A rare bone implant was performed on an Israeli man at Emek Medical Center in Afula. The patient has been missing 5 centimeters (about 2 inches) of his tibia (shinbone) as the result of injuries sustained in a car accident eight months ago.
Normally, the human body is not capable of naturally restoring bone segments. The experimental procedure led by Dr. Nimrod Rozen, head of orthopedics at Emek, was part of an ongoing clinical trial of a revolutionary tissue-engineering technology developed by Bonus BioGroup of Haifa.
Fat cells previously extracted from the patient were grown on a biological scaffold in Bonus BioGroup’s lab for two weeks. Semi-solid live bone tissue grown from these fat cells was then injected back into the patient’s body in the expectation that the missing bone fragment will be regenerated in about six weeks.
“This surgery is truly science fiction; it changes the entire game in orthopedics,” Rozen told Yedioth Ahronoth.
Last August, as part of the same clinical trial expected to include up to 40 men and women, a similar procedure was performed on a 40-year-old patient suffering significant bone loss in his arm as the result of a car accident. This surgery also was led by Rozen, one of three doctors on Bonus BioGroup’s scientific advisory board.
“The technology we developed allows us to grow a bone that is based on a patient’s biological tissue, so there is no danger that the patient’s body will reject the implant,” said Rozen, who cofounded the Institute for Bone Repair at Rambam Health Care Campus in Haifa and heads the department of orthopedics and trauma at Zvulun Medical Center, Haifa.
News of the event pushed Bonus BioGroup’s market cap up to ₪400 million, according to Globes. The public company was founded in 2008 and is still pre-market, as clinical trials are underway to demonstrate whether the implanted bone cells grow properly and are integrated well into the existing bone.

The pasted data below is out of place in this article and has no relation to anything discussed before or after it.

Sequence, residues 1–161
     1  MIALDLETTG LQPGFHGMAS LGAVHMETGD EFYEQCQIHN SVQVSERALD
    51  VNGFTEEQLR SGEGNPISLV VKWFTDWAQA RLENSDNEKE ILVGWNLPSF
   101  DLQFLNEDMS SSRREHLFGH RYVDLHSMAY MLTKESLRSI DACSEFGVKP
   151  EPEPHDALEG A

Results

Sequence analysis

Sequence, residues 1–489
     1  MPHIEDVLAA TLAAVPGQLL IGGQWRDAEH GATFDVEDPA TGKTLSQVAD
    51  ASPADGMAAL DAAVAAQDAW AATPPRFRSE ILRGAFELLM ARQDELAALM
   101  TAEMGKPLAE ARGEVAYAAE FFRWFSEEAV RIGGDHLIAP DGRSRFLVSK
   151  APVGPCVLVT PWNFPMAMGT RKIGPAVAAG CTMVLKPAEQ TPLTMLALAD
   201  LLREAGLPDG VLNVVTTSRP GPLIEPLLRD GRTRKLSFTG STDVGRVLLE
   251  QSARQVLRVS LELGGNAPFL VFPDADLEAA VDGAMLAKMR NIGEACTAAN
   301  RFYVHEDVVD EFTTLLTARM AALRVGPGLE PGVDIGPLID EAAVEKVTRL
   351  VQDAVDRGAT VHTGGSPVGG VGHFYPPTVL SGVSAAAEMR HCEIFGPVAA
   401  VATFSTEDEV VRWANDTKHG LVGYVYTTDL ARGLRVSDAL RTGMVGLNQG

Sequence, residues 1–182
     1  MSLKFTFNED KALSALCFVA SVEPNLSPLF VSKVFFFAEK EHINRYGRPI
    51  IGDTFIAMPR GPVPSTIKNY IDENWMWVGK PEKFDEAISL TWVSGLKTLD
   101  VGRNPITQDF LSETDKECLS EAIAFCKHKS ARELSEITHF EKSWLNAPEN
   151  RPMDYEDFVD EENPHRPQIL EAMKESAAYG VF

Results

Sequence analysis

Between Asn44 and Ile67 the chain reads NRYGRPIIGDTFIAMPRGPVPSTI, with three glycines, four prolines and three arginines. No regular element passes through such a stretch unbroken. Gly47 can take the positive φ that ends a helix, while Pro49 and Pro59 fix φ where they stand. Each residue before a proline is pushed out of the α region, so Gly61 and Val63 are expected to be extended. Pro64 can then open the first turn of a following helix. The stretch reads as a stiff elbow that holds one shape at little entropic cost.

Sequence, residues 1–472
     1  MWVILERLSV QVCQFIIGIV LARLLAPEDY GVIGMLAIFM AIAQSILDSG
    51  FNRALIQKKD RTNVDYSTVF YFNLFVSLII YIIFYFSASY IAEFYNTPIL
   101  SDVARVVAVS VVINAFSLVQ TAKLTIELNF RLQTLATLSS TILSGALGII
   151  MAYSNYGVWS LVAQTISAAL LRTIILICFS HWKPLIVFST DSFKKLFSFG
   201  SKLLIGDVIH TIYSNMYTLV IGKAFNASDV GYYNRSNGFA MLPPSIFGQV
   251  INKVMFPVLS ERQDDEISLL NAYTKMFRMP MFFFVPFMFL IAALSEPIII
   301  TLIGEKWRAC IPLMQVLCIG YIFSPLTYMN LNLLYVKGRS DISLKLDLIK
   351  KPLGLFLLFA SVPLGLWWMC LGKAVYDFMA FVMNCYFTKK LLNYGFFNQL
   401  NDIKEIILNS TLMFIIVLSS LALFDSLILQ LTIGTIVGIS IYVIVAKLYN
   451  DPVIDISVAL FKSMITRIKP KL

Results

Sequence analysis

In a separate clinical trial started in 2014, Bonus reported 100 percent success in implanting bone grafts in the jawbones of 11 patients using cells grown from their own adipose tissue.
Rozen says the injectable bone-graft technique heralds a major improvement over traditional bone grafts, a complicated surgical procedure that is not always successful and requires a long recovery process.
“The special features of the implants enable preservation of cell properties during implantation and the creation of a high-quality bone functioning in the transplanted area,” he said.
In the future, the Bonus BioGroup regeneration technology could be used for a variety of bone-loss conditions for which there is currently no solution.
“For example, in bone cancer located in the bones of the hands or feet, if we remove the tumor together with the bone on which the tumor is located, it usually means that we will lose a leg or hand, because although the bone has traits that allow it to grow, it will not be able to grow the distance between the bone ends we removed by surgery,” said Rozen. The Bonus BioGroup technology could replace the lost bone, he said.